Truth Is A Defense To A Claim Of Defamation

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"The truth is incontrovertible, malice may attack it, ignorance may deride it, but in the end; there it is." -Winston Churchill

Truth is a complete defense to a claim of defamation.  

It is the great equalizer in any libel or slander suit. It is what the plaintiff’s defamation lawyer fears the most; that what his client’s accuser says is true. It does not matter that the defendant made the statement out of malice or out of bad faith, so long as the statement is true. Washer v. Bank of America (1948) 87 Cal.App.2d 501, 509; Campanelli v. Regents of Univ. of Calif. (1996) 44 Cal.App.4th 572, 581; Rest. 2d, Torts § 581A; Francis v. Dun & Bradstreet (1992) 3 Cal.App.4th 535, 540 (credit report, even one causing harm, is not defamatory if true); Ellenberger v. Espinosa (1994) 30 Cal.App.4th 943, 953 (statements as to dentist’s misconduct were true given Board of Dental Examiner’s determination that dentist had been grossly negligent and in violation of provisions of Business and Professions Code).

So what does it mean to establish truth? Does that mean the defendant must establish the truth of his statements in every particular? Surprisingly, the answer is no.

It is sufficient if the defendant proves that the substance or the "gist" of the statement is true. Heuer v. Kee (1936) 14 Cal.App.2d 710, 714; Gantry Const. Co. v. American Pipe & Const. Co. (1975) 49 Cal.App.3d 186, 194 ("The concept that it is the gist or sting of the alleged defamatory statements that must be false rather than the specific details of the charge is deeply rooted in our common law."). Weller v. American Broadcasting Cos. (1991) 232 Cal.App.3d 991, 1009, footnote, 17; See Campanelli, supra (admission that plaintiff basketball coach engaged in tirades so bad that seven players were thinking of quitting established truth of defendant’s assertion that players "were in trouble psychologically").

But who bears the burden of proof? The previous rule in California was that the plaintiff needed to plead that the statements were false. This is no longer required. The burden of pleading and proving that the statements are true rests squarely on the shoulders of the defendant. See Lipman v. Brisbane Elementary School Dist. (1961) 55 Cal.2d 224, 233.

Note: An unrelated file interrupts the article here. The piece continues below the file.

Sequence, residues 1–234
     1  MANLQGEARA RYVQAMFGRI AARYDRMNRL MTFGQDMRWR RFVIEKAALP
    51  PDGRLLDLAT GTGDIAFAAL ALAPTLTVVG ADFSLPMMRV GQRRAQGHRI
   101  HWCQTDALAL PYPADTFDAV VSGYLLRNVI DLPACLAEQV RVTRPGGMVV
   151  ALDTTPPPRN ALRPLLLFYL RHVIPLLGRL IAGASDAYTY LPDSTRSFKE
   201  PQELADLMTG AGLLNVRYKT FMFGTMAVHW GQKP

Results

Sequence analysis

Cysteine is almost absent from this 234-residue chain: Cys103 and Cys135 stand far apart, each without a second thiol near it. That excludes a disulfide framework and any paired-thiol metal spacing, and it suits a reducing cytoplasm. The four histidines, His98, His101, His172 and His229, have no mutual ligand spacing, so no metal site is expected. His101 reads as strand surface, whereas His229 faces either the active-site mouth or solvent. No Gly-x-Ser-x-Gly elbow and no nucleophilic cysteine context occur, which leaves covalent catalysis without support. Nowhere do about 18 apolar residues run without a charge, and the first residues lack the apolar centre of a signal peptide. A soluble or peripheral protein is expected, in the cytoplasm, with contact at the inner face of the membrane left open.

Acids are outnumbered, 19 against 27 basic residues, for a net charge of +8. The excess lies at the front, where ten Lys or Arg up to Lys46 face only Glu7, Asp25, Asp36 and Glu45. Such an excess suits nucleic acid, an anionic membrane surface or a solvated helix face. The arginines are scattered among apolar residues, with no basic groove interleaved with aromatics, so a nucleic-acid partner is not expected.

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  1. Gloria Grening Wolk MSW says

    Truth is not a defense if the defendant’s lawyer does not provide evidence of truth, and does not challenge the plaintiff to provide evidence of allegations. Then the plaintiff goes to court and insists on his version (still, no evidence other than an affidavit from the lying plaintiff).
    That happened to me when I was represented by Thomas A. Trapani and Lisa Hutton. It should have been a simple anti-SLAPP but the lawyers never bothered to learn and follow the requirements. They never challenged the complaint, for starters, which was not specific as to the alleged defamation (i.e, when, where, what).
    Gloria Grening Wolk MSW

  2. says

    Great articles on this site. Just wanted to get your thoughts on this, although I know what you say does not constitute legal advice.
    Is it feasible to set out in the “terms of use” in a blog that use of the blog is a limited license and by accessing the blog the user agrees to waive any and all claims, including defamation? Just a thought

  3. alicia says

    im doing a research on defenses of to come up with the strengths and weaknesses of truth and fair comment as defenses

  4. says

    Is truth really a defense? I posted a true statement about a private indivdual, however, this indivdual is sueing me because he believes I posted it to defame him. Futher, he states that because his private matters are not of public interest it’s considered defamation. So in my case it doesn’t look like truth is really a defense….however, my case continues and is not quite done. We’ll see I guess.

  5. Gene Solchenberger says

    My past employer has filed false reports to prospective employers. He lied, under oath, during my unemployment hearing. The ALJ ruled in my favor due to the employers lack of credibility.
    The past employer has submitted a false claim on my DAC report with Hire Right.
    I, on the other hand, have made internet postings in regards to the past employers lack of virtue, moral compass, principles, etc, that he did not possess when he made false claims against me and continues to maintain.
    If truth is my defense, what is his?

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